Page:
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Sherlock’s tail was a dark charcoal gray. It was long and lithe and it wrapped around things seemingly of its own volition. Sherlock used it as an additional hand, and the first time that Sherlock’s tail reached across John to pick up the cup of tea John had made for him, John actually dropped his own cup of tea, startled. It was highly unusual to have a tail that was so skillfully prehensile. John, as a doctor, had studied all of the types and knew that Sherlock’s was by far the rarest, found in a vanishingly small percentage of the population: less than one percent at last guess. It was difficult to get full statistics, of course, because people with such prehensile tails tended to downplay it, frightened that everyone else would think they were freaks. John discovered after only a very short time of living with Sherlock that Sherlock relied on his tail an astonishing amount. Later he would learn that Sherlock had not been born with such a responsive tail but had worked very hard on it, and John thought that was a typically Sherlockian combination of stubborn determination and laziness toward doing things with only two hands the way everyone else did.

For something John knew Sherlock was proud of, Sherlock took terrible care of his tail. Sherlock dragged it through mud and muck and God knew what else, letting it trail after him when it wasn’t in active use rather than properly holding it up out of the fray. He was terrible about washing it. The fur on it was short, and John thought that it would probably be smooth and gleaming if Sherlock properly washed it as frequently as it needed to be washed, and then combed it out the way it ought to have been combed out, but Sherlock couldn’t be bothered. When John had pointed it out, Sherlock had frowned over at his tail, stretched out on the floor, lashed the very tip of it in a skillful display of control, and then said, “Boring,” and turned back to his experiment.

It made little sense to John at first, because Sherlock was otherwise fastidious about his appearance, but John eventually saw that it was part of Sherlock’s love-hate relationship with his tail: He loved that it was talented, hated that the rest of the world didn’t see it as talented, and so resented it over being yet another thing that set him apart from everyone else. Sherlock’s relationship with his tail was complicated, and Sherlock pretended to hate it by ignoring it while secretly being very fond of it and using it constantly.

John’s tail was bushy and dull, a cross between a red squirrel and a fox. And John really did dislike his tail; his dislike for it was not covering up a secret bursting pride over it. He didn’t passionately hate it or anything, it was just inconvenient and not something he was fond of about himself, not, he thought, one of his better features. His tail’s fur was long and so prone to tangling, and John had no choice but to spend lots of time each day combing it out. This was possibly why Sherlock’s dismissive attitude toward his own tail frustrated John so much. Sherlock’s tail had short hair, it would have been a dream to take care of. John wished he had such a tail. Everything got caught in his tail, no matter how much John tried to keep it out of the way, and John was constantly pulling detritus out of it. Chasing after criminals didn’t help matters, and sometimes John sat picking things out of his tail in the cab on the way back to Baker Street. He would pull his tail over, across his lap, and hold it in place. Sherlock, hunched up against his door, his own tail curled up on the space between them in the seat, always watched this curiously.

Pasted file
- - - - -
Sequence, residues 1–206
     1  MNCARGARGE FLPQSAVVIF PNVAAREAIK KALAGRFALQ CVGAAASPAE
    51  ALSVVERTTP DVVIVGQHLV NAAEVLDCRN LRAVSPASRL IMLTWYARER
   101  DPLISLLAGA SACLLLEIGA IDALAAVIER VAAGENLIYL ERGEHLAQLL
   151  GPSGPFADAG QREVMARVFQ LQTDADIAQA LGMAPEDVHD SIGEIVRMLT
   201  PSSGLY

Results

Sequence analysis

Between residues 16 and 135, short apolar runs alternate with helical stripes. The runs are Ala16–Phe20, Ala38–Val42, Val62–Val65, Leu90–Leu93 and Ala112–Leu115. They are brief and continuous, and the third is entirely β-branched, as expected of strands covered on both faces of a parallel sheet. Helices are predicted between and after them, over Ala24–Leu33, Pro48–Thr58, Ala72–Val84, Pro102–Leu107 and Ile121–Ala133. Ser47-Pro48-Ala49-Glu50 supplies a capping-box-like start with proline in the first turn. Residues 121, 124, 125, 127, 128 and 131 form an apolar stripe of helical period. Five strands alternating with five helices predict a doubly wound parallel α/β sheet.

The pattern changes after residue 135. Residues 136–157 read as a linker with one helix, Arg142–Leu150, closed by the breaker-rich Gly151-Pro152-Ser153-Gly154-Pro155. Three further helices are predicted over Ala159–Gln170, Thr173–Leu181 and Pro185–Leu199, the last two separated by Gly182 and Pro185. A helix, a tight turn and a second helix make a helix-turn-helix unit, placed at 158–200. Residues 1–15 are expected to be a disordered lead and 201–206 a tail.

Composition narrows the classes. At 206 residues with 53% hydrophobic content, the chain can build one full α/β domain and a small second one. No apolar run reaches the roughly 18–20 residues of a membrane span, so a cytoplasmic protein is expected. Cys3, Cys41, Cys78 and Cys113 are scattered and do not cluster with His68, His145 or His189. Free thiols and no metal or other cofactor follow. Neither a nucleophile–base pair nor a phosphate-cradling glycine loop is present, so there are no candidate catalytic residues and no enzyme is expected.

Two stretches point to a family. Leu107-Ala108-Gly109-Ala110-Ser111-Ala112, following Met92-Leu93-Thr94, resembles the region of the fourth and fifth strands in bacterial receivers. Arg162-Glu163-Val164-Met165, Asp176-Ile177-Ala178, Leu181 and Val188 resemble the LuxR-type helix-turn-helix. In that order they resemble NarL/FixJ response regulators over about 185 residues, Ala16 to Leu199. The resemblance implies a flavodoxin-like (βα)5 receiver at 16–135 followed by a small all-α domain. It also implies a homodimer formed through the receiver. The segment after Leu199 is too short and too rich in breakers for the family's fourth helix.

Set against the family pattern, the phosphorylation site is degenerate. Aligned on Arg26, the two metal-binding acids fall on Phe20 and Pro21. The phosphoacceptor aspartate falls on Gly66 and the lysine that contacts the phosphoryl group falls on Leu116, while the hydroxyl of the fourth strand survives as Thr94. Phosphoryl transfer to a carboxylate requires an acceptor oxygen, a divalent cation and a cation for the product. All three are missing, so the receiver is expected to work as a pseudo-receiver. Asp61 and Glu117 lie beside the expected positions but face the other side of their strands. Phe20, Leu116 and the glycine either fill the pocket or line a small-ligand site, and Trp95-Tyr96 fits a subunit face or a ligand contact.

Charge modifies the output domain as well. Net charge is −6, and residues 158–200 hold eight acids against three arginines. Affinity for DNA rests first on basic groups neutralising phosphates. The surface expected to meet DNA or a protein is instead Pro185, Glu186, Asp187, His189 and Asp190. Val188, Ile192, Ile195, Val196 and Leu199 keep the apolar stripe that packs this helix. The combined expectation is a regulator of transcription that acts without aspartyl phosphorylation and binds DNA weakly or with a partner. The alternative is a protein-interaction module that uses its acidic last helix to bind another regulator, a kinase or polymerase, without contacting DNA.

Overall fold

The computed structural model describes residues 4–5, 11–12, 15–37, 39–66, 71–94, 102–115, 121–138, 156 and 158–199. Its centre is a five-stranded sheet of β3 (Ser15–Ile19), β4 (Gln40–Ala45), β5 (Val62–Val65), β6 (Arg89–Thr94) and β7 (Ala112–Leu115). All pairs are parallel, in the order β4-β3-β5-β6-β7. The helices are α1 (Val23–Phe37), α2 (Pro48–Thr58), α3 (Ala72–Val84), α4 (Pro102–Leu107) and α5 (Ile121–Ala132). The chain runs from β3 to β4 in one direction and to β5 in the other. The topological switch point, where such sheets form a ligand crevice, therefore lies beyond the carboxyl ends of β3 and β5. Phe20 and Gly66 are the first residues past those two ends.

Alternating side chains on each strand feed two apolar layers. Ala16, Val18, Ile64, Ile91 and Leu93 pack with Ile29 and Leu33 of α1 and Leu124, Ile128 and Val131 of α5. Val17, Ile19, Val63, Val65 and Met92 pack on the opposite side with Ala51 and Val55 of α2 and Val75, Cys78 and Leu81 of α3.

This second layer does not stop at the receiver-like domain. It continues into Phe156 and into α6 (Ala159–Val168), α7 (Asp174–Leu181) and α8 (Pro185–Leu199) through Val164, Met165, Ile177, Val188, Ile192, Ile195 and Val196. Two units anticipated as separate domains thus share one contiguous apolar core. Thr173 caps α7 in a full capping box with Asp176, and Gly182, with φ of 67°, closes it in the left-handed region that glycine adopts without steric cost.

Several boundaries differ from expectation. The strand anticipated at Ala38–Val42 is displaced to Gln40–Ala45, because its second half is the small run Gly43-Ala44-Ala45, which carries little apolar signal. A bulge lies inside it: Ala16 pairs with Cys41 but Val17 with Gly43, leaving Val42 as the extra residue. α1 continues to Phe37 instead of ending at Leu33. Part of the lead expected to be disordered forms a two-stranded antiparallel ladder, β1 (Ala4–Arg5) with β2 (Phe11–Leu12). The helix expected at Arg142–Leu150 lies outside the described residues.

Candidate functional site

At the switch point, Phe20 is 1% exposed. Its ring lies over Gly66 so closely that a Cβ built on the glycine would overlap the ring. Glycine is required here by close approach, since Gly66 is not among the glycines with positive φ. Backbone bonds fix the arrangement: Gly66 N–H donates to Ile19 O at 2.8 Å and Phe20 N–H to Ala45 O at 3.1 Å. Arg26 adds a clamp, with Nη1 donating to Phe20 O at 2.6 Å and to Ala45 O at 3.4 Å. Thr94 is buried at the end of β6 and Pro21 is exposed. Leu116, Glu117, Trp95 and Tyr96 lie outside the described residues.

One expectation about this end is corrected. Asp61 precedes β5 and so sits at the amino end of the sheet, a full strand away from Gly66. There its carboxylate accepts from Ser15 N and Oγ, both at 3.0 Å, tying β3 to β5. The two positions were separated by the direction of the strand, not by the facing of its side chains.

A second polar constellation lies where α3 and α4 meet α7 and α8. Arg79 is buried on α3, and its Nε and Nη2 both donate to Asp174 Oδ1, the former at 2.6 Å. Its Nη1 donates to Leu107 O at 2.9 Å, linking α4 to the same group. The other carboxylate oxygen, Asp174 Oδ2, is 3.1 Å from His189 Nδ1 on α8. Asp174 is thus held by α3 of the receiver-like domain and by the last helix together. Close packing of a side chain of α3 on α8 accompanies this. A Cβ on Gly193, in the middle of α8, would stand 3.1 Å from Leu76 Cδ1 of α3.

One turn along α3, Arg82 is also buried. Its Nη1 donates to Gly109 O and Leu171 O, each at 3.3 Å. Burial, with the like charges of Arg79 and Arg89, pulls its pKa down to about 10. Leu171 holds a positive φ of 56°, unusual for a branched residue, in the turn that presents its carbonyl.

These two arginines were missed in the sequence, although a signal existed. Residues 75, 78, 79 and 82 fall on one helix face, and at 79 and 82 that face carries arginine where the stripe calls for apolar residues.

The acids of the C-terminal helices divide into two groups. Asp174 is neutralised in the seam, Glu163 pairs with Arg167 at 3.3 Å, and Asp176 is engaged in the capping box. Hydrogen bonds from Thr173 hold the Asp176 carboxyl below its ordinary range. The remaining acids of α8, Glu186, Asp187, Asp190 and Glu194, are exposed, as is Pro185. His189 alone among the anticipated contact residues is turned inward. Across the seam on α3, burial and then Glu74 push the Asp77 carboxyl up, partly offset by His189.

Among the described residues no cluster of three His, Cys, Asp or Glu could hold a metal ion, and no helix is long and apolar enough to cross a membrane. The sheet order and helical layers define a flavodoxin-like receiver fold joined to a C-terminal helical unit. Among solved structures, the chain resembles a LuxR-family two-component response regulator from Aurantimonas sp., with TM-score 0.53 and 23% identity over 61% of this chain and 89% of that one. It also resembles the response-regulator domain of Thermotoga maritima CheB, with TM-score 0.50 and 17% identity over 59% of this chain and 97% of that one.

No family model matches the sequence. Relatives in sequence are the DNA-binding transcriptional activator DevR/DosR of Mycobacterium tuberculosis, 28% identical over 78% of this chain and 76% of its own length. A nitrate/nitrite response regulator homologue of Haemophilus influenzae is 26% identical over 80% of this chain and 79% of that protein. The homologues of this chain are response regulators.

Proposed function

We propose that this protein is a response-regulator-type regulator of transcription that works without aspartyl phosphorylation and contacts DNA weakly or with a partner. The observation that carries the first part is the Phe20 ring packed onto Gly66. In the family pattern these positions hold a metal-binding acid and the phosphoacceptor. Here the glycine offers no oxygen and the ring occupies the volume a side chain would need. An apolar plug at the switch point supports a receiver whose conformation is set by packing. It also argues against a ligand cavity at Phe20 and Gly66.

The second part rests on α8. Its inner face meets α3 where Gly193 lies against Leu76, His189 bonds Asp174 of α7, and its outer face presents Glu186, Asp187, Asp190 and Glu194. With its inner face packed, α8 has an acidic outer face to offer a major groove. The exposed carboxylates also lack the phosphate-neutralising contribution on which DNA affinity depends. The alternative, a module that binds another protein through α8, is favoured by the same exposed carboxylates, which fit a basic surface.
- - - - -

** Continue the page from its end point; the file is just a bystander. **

“So it doesn’t stay where you put it,” he remarked one night.

John, fighting to keep the tail as much in front of him as possible while also extracting a small branch of bramble, said, “It’s supposed to be behind me, Sherlock, not in front.”

“Hmm,” said Sherlock, as if the idea were interesting to him. He lifted his own tail up, dancing it in front of his eyes. The very tip of it was black because it had been dipped in tar at some point during the chase.

John glanced over at him. “Show-off,” he muttered.

“I don’t know how you deal with having a part of your body that is so uncooperative,” remarked Sherlock.

“It’s how I developed enough patience to put up with you,” John rejoined.


Mycroft had a small deer tail, very unassuming. Deer tails were in fashion, highly coveted, and John always thought that his nose was wrinkled in slight distaste by the way John’s tail brushed in his wake, a constant, rustling presence. Because of this, John liked that Sherlock normally made a habit of holding his violin bow with his tail whenever Mycroft was around.


Mrs. Hudson’s tail was a wolf’s. John had long ago learned not to make assumptions about people’s character based on their tails, but he admitted to surprise over Mrs. Hudson’s wolf-tail. Most of the wolf-tailed people he’d met in his life had been fierce: people you didn’t cross, vicious in their defense of the things that mattered to them.